Enforcement of these codes, though, is a problem. As Miyamoto told me, "You need more than just good building codes. You also need good engineers to implement the code, and good contractors to implement the engineers' vision." And along the way, a lot can go wrong: Contractors feel pressure to complete projects ahead of schedule and cut corners. Builders substitute cheap materials in order to cut costs. And then, you have the omnipresent specter of bribery and corruption.
As a result, for a country whose defining structure is an enormous ancient wall, modern Chinese structures have an surprisingly short half-life. New buildings in the country are expected to stand for 25 to 30 years -- a far cry from the U.S. expectation of 70 to 75 years. This difference is partly explained through economics -- China's binge in fixed-asset investment encourages major construction projects, least of all to keep workers employed, and one by-product of all this construction is a huge raise in living standards. But from an earthquake prevention standpoint, the new buildings remain worrisome.
After the 2008 quake devastated the town of Beichuan, local authorities resettled approximately 40,000 people into a new city called Yongchang located 10 or so miles from the epicenter. The new town is clean and picturesque and is, at first glance, a worthy tribute to the victims of the earthquake. But, as this piece by NPR's Louisa Lim describes, there's trouble in paradise: Cracks have appeared in the brand new homes, and a local official has been detained for accepting bribes. Residents have complained of corruption, and when one man attempted to organize them, he was arrested and thrown in jail.
The subject of earthquake damage prevention symbolizes one of the central challenges of contemporary Chinese governance. At the federal level, China has good building codes, the willingness to invest in safe housing, and the means to respond quickly and effectively when tragedy strikes. But at the local level, where the country's population actually interacts with its government, difficulties with corruption and law enforcement mean that subsequent earthquakes will be more tragic than necessary.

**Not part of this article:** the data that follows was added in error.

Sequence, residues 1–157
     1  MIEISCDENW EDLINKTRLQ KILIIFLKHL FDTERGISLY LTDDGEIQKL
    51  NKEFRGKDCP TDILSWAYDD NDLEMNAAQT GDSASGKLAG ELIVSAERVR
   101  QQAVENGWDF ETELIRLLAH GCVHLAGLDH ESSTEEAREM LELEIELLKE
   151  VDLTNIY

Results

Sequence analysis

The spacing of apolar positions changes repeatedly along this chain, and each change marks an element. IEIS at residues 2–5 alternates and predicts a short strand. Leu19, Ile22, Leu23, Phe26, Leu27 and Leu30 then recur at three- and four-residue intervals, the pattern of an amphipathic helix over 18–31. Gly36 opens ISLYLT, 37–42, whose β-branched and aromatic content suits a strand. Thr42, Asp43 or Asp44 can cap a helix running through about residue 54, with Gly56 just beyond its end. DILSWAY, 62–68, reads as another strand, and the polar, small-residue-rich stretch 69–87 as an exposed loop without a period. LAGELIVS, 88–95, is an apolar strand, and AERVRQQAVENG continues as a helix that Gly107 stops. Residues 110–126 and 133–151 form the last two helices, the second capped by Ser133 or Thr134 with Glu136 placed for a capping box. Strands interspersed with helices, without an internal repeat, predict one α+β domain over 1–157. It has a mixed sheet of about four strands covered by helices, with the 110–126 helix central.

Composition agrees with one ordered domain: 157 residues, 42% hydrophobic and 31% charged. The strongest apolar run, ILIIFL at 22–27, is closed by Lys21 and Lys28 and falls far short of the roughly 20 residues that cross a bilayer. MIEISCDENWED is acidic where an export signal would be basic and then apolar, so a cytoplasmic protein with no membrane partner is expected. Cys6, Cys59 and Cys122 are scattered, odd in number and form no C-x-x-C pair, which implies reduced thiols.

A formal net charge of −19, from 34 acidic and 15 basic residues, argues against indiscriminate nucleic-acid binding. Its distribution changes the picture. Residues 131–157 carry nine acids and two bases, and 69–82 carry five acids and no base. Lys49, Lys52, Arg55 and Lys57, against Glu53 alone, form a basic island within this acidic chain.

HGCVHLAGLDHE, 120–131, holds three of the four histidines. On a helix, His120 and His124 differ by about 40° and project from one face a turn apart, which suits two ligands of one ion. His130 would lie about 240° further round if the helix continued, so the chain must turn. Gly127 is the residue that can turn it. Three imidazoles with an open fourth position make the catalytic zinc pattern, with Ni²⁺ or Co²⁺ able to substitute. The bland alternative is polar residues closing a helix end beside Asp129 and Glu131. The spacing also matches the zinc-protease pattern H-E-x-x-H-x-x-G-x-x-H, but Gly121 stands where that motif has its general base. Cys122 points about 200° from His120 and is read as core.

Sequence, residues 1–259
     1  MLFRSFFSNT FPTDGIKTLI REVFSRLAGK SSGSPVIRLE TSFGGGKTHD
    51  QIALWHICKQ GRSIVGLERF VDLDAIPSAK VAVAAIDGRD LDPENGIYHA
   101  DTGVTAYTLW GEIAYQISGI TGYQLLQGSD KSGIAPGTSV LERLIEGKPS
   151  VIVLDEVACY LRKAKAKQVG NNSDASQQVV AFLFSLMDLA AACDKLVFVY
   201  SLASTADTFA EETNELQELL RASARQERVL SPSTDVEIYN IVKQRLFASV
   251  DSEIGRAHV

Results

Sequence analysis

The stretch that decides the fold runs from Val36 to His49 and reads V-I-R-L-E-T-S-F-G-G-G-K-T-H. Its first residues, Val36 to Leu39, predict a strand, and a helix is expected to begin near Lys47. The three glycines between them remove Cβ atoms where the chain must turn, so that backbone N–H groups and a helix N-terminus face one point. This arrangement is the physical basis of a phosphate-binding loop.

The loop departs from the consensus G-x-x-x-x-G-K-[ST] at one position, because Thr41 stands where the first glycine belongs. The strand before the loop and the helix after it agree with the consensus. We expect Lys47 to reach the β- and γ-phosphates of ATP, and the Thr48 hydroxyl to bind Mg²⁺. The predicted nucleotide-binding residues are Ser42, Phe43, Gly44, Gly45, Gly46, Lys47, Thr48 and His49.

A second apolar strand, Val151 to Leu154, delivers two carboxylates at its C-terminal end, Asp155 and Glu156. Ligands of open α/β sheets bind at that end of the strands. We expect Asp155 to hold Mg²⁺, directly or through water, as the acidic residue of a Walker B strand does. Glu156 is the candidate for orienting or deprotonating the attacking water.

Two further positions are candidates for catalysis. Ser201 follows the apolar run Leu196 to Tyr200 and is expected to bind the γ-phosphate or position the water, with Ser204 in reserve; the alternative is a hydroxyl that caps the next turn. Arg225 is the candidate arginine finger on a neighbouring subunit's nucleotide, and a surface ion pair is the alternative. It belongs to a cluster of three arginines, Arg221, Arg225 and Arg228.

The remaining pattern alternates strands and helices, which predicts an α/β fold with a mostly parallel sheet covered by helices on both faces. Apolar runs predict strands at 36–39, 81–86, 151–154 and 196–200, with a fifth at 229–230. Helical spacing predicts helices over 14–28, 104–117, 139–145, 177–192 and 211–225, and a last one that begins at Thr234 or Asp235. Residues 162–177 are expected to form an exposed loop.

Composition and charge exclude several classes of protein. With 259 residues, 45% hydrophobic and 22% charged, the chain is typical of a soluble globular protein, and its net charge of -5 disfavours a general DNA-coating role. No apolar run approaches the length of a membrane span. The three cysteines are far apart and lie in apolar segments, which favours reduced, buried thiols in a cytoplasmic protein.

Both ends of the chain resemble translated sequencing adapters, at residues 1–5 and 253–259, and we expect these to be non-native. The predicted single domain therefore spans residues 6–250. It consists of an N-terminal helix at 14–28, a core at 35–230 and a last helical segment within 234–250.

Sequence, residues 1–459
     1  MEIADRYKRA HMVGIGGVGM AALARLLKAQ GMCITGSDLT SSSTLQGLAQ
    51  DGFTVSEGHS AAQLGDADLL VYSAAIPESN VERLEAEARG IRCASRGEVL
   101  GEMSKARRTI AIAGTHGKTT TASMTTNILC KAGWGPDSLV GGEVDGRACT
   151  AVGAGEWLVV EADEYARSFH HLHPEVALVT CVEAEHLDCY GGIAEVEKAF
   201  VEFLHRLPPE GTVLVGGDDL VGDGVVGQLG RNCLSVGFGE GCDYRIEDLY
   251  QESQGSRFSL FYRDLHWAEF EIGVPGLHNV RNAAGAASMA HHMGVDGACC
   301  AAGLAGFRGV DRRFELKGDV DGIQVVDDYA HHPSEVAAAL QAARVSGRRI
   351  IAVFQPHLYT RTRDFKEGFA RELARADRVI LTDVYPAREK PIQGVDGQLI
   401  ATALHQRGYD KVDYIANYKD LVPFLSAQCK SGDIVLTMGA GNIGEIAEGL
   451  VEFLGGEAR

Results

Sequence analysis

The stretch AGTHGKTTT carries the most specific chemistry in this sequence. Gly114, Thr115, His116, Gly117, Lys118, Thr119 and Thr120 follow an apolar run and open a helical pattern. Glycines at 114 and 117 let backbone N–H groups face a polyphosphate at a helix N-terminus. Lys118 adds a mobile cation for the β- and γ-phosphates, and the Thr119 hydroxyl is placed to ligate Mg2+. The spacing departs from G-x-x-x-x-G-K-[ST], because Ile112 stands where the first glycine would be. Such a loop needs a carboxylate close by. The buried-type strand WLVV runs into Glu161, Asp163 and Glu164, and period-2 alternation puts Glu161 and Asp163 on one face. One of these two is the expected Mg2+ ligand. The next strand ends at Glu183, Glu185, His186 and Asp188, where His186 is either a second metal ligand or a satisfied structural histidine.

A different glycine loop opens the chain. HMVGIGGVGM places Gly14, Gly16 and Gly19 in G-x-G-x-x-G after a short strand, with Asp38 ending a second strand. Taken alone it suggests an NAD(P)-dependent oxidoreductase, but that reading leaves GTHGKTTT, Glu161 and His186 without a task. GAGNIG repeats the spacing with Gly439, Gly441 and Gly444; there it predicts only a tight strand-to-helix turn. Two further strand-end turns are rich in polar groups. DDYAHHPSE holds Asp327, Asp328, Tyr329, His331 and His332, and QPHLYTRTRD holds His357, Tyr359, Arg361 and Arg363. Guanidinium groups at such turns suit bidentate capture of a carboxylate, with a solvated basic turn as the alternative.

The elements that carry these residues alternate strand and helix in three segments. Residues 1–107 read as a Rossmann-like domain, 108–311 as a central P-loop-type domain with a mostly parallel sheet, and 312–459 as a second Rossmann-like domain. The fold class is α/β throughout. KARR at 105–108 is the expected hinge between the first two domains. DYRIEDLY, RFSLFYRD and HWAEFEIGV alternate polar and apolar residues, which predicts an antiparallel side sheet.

As Coldplay blandly strained for the universal, she and Bruno Mars pulled off something more specific and more daring.
What a perfect Beyoncésong name: “Formation.” All great pop involves people acting in formation. So does all great change. And while fans scream that Beyoncé’s a “queen” and “goddess,” her core appeal really is as a drill sergeant. With Beyoncé in command, greatness is scalable, achievable, for the collective. Everyone waves their hands to the same beat. Everyone walks around like they have hot sauce in their bag.
But in pop and in politics, “everyone” is a loaded term. Stars as ubiquitous as Beyoncé have haters, the “albino alligators” who “Formation” informs us she twirls upon. And in a more general historical sense, “everyone” can be a dangerous illusion that elevates one point of view as universal while minimizing others. Beyoncé gets all of this, it seems. As a pop star, she surely wants to have as broad a reach as possible. But as an artist, she has a specific message, born of a specific experience, meaningful to specific people. Rather than pretend otherwise, she’s going to make art about the tension implied by this dynamic. She’s going to show up to Super Bowl with a phalanx of women dressed as Black Panthers.
Black poverty is fundamentally distinct from white poverty—and so cannot be addressed without grappling with racism.
There have been a number of useful entries in the weeks since Senator Bernie Sanders declared himself against reparations. Perhaps the most clarifying comes from Cedric Johnson in a piece entitled, “An Open Letter To Ta-Nehisi Coates And The Liberals Who Love Him.” Johnson’s essay offers those of us interested in the problem of white supremacy and the question of economic class the chance to tease out how, and where, these two problems intersect. In Johnson’s rendition, racism, in of itself, holds limited explanatory power when looking at the socio-economic problems which beset African Americans. “We continue to reach for old modes of analysis in the face of a changed world,” writes Johnson. “One where blackness is still derogated but anti-black racism is not the principal determinant of material conditions and economic mobility for many African Americans.”